It is in this divergence of thought that we clearly see how having a vision or message, no matter how powerful, isn't enough to create socially just educational policies in our current social, political and economic situation.  In other words, a vision is important, but it is in the daily practice and the guiding policies that are crafted where our educational vision is given power and voice, or is silenced.  We see the voice of those seeking a more socially just system of education silenced, discredited and ignored in many different ways.  As an educator I am constantly facing the disconnect that exists between the rhetoric of opportunity, choice and culturally relevant instruction and the reality of standard, assessment and policies that reinforce existing inequities.

Knowing that we want our students to be well-rounded members of a community isn't seen as valued when standardized assessment results are a huge component of our schools' report cards and our educators' evaluations.  Students who are adaptable and strong self advocates will find a standardized curriculum and a highly structured learning environment to be more challenging to navigate.  It is difficult to value diversity of culture and opinion when standards and testing are the gateways to the credentials needed for "success" and access to additional educational experiences.  A climate of respect is undermined by the magnified importance of test scores and economics in our current educational environment.  In addition, our public educators have been put on the defensive and vilified to such a degree that their voice isn't valued or respected in discussions that revolve around their profession.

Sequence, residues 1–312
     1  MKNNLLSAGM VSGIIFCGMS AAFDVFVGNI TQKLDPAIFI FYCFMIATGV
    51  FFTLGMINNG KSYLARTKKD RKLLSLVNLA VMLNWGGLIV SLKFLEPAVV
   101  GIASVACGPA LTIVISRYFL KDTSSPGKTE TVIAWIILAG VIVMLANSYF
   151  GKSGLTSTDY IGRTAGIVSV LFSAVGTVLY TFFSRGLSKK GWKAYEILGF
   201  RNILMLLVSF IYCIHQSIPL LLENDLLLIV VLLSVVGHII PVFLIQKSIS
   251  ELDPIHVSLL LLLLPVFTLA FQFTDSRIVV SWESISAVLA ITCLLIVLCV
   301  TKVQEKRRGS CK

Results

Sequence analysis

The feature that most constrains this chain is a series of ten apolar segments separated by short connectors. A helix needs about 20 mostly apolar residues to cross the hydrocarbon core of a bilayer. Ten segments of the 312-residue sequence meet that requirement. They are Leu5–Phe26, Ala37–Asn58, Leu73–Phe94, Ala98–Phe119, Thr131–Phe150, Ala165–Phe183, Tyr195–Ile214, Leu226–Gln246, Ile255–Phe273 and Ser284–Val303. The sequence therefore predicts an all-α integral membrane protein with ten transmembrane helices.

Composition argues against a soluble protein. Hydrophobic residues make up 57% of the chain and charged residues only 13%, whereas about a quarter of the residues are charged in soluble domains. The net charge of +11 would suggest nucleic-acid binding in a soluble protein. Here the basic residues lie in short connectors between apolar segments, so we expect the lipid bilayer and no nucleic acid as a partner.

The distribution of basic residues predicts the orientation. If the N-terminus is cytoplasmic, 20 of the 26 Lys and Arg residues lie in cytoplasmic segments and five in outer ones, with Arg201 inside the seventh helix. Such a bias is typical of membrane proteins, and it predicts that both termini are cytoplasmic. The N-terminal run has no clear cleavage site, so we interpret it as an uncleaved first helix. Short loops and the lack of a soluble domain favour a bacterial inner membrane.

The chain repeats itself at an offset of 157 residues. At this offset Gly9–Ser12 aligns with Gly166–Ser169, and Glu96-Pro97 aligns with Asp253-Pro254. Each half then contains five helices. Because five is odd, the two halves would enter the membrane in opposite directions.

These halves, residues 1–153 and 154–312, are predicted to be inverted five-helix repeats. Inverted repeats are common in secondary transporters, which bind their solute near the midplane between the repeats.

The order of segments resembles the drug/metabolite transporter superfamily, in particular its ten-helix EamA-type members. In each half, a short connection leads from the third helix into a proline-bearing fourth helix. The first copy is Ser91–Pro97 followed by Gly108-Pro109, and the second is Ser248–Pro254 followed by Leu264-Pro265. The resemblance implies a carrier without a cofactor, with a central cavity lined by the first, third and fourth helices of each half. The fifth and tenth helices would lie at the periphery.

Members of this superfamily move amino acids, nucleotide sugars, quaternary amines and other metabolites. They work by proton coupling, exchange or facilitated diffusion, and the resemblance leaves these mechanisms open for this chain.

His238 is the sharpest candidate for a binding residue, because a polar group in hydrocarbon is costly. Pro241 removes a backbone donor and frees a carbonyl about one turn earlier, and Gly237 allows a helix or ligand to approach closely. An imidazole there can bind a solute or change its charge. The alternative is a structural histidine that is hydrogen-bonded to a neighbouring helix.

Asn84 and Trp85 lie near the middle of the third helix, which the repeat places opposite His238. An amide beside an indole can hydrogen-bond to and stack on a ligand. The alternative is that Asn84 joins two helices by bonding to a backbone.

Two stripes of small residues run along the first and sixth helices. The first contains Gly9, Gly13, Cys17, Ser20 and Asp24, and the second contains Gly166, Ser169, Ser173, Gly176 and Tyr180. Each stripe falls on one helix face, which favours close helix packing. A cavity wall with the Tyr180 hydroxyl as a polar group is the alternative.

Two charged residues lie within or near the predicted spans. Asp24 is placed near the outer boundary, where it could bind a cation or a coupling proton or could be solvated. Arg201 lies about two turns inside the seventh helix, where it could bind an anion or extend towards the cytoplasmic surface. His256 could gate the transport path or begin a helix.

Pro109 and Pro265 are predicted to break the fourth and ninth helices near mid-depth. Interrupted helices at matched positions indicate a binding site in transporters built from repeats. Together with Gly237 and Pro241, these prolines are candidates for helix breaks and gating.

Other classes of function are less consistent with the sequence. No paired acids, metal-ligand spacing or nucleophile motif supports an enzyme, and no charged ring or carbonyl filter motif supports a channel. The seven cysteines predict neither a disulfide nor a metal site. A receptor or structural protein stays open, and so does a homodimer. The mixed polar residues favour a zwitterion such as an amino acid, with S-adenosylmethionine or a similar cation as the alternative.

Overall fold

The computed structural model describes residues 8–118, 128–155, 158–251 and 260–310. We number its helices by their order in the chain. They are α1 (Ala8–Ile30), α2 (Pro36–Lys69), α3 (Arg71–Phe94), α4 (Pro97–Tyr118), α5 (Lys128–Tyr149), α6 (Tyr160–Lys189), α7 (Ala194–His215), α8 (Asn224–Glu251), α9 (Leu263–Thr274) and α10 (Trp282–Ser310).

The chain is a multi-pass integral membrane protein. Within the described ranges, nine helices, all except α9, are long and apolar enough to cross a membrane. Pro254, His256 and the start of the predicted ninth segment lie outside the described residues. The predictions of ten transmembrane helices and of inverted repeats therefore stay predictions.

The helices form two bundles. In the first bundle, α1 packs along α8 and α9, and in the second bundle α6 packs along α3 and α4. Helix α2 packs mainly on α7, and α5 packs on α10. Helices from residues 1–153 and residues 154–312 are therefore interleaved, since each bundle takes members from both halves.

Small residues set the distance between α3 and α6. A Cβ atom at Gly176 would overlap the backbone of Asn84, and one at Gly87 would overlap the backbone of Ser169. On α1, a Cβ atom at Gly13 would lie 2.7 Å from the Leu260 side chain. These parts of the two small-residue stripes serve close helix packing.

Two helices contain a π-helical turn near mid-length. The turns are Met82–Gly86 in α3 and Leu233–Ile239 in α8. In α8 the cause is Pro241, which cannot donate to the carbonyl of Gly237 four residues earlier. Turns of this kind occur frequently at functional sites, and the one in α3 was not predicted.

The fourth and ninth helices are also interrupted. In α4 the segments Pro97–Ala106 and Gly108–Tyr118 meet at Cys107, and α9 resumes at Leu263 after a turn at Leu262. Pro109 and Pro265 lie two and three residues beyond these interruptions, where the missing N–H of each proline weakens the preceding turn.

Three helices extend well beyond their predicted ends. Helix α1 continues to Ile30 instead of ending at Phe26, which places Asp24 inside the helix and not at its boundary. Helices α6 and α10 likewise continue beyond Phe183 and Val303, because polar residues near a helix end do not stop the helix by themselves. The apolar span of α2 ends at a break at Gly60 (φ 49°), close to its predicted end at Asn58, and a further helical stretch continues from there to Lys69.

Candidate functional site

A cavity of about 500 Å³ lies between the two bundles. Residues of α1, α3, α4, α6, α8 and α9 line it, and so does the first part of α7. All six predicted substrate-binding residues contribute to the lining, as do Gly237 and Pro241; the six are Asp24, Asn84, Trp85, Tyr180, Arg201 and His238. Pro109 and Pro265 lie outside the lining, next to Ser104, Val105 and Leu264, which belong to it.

We know that these challenges exist, and we also know that they won't lessen or change without direct action by those who have a different vision for public education than the one currently offered in our public debate.  While many public educators would like to simply be left alone to teach and work with their students, this simply isn't a possibility in modern Wisconsin.  If educators don't begin to speak up, they will find themselves working in a system that not only retains its current flaws, but magnifies them while creating new problems for our students, families and communities.     

This sounds incredibly difficult and complex, and in some ways it is.  Those who want to "reform" our schools are well financed and have powerful allies in economic and political spheres.  What is important to remember is that, like the labor movement, the civil rights movement and other social justice movements, it is the power of the ideas and people working in solidarity that overcome the control that a minority of citizens benefit from.  Just like unions, civil rights and other Progressive ideals, public education is a concept that deserves our full support and our best efforts.

I know, you are in the teaching life to teach, to instruct, to give to the next generation. So am I. But, I have come to some stark realizations lately: 1. If you...

In the struggle to defend public education we have too often lost our way and diluted our message with a series of alternatives to "reforms" and efforts to justify a past that really can't be defended.  We find ourselves trying to make amends instead of creating a system that will work as we move into the future.  While we can't forget past transgressions and failures, we also must learn to forgive each other and move ahead with the most positive of intentions.  This is where our vision of what public education can be provides a framework that can support our efforts to make positive change happen.  It becomes a set of ideals that we refer to as we create policies that will actually move our system towards a more socially just and sustainable one. 

My vision for public education relies on a series of basic premises. 

Success shouldn't rely on exceptional efforts, but should be a regular occurrence and expectation for all students, staff and communities.  Too often I see interventions and supports for students that are based on some type of unusual accommodations or similar adaptation.  Yet, these types of actions are frequently ones that would benefit many other students.  We need to look at the current policies and systems that we have in place and reflect on their functionality and the results they produce.  Through analysis and reflection we should be able to provide opportunities that fit the needs of our students in ways that we currently don't see.